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Minor response of gross N turnover and N leaching to drying, rewetting and irrigation in the topsoil of a Norway spruce forest

Title data

Chen, Yao-Te ; Bogner, Christina ; Borken, Werner ; Stange, Claus Florian ; Matzner, Egbert:
Minor response of gross N turnover and N leaching to drying, rewetting and irrigation in the topsoil of a Norway spruce forest.
In: European Journal of Soil Science. Vol. 62 (2011) Issue 5 . - pp. 709-717.
ISSN 1351-0754
DOI: https://doi.org/10.1111/j.1365-2389.2011.01388.x

Abstract in another language

Forest floors in the temperate climate zone are frequently subjected to strong changes in soil moisture, but theconsequences for the soil N cycle are poorly known. In a field experiment we tested the hypotheses that soildrying leads to a decrease of gross N turnover and that natural rewetting causes a pulse of gross N turnoverand an increase of N leaching from the forest floor. A further hypothesis was that optimal water availabilityinduced by irrigation causes maximum N turnover and N leaching. Replicated control, throughfall exclusionand irrigation plots were established in a Norway spruce forest to simulate different precipitation patternsduring a growing season. Gross N turnover rates were determined in undisturbed soil cores from Oi + Oeand Oa + EA horizons by the 15N pool dilution technique. Forest floor percolates were periodically collectedby suction plates.After 142 mm throughfall was excluded, the median soil water potential at the throughfall exclusion plotsincreased from pF 1.9 to 4.5 in the Oi + Oe horizon and from pF 1.8 to 3.8 in the Oa + EA horizon.Gross ammonification ranged from 14 to 45 mg N kg−1 soil day−1 in the Oi + Oe horizon and from 4.6 to11.4 mg N kg−1 soil day−1 in the Oa + EA horizon. Gross ammonification of both horizons was smallestin the throughfall exclusion plots during the manipulation, but the differences between all treatments werenot statistically significant. Gross nitrification in both horizons was very small, ranging from 1.6 to 11.1mg N kg−1 soil day−1. No effects of decreasing water potential and rewetting on gross nitrification rates wereobserved because of the small rates and huge spatial variations. Irrigation had no effect as the differencesfrom the control in soil water potential remained small. N leaching from the forest floor was not affected bythe treatments. Our findings suggest that ammonification in forest floors continues at considerable rates evenat small water potentials. The hypotheses of increased N turnover and N leaching following rewetting of dryforest floor or irrigation were not confirmed.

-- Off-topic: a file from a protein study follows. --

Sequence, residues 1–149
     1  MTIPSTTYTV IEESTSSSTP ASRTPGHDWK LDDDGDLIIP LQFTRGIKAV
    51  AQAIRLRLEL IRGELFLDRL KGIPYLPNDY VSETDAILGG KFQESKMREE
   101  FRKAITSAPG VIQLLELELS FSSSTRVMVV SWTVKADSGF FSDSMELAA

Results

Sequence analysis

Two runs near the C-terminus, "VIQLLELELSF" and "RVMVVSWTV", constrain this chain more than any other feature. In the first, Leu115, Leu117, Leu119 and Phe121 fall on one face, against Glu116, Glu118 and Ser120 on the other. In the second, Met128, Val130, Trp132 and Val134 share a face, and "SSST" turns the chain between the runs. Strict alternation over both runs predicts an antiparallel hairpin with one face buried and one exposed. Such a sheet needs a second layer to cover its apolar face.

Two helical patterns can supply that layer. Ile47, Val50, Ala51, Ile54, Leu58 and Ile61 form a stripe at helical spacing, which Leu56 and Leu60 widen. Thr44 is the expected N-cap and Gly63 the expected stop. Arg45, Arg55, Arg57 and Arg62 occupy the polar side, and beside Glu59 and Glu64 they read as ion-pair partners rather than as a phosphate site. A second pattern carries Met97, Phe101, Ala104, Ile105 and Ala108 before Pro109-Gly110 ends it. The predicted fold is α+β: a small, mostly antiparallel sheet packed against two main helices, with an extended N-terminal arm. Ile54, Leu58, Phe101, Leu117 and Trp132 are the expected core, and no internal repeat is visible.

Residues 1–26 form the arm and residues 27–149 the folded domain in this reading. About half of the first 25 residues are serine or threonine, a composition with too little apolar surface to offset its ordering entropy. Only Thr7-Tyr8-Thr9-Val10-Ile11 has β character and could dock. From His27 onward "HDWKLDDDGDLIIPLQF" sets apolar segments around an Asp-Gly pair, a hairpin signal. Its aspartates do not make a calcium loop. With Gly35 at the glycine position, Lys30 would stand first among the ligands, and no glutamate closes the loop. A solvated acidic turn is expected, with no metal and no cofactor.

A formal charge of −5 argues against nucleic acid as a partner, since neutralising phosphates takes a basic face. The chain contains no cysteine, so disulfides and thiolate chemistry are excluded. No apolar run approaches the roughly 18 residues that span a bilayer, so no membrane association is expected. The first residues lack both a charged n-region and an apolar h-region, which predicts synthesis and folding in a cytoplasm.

Further data

Item Type: Article in a journal
Refereed: Yes
Additional notes: BAYCEER93155
Institutions of the University: Faculties > Faculty of Biology, Chemistry and Earth Sciences > Department of Earth Sciences > Chair Ecological Modelling
Faculties > Faculty of Biology, Chemistry and Earth Sciences > Department of Earth Sciences > Chair Soil Ecology
Faculties > Faculty of Biology, Chemistry and Earth Sciences > Department of Earth Sciences > Former Professors > Chair Soil Ecology - Univ.-Prof. Dr. Egbert Matzner
Research Institutions > Research Centres > Bayreuth Center of Ecology and Environmental Research- BayCEER
Faculties
Faculties > Faculty of Biology, Chemistry and Earth Sciences
Faculties > Faculty of Biology, Chemistry and Earth Sciences > Department of Earth Sciences
Research Institutions
Research Institutions > Research Centres
Result of work at the UBT: Yes
DDC Subjects: 500 Science
Date Deposited: 29 Jun 2015 06:09
Last Modified: 22 Apr 2016 13:42
URI: https://eref.uni-bayreuth.de/id/eprint/15491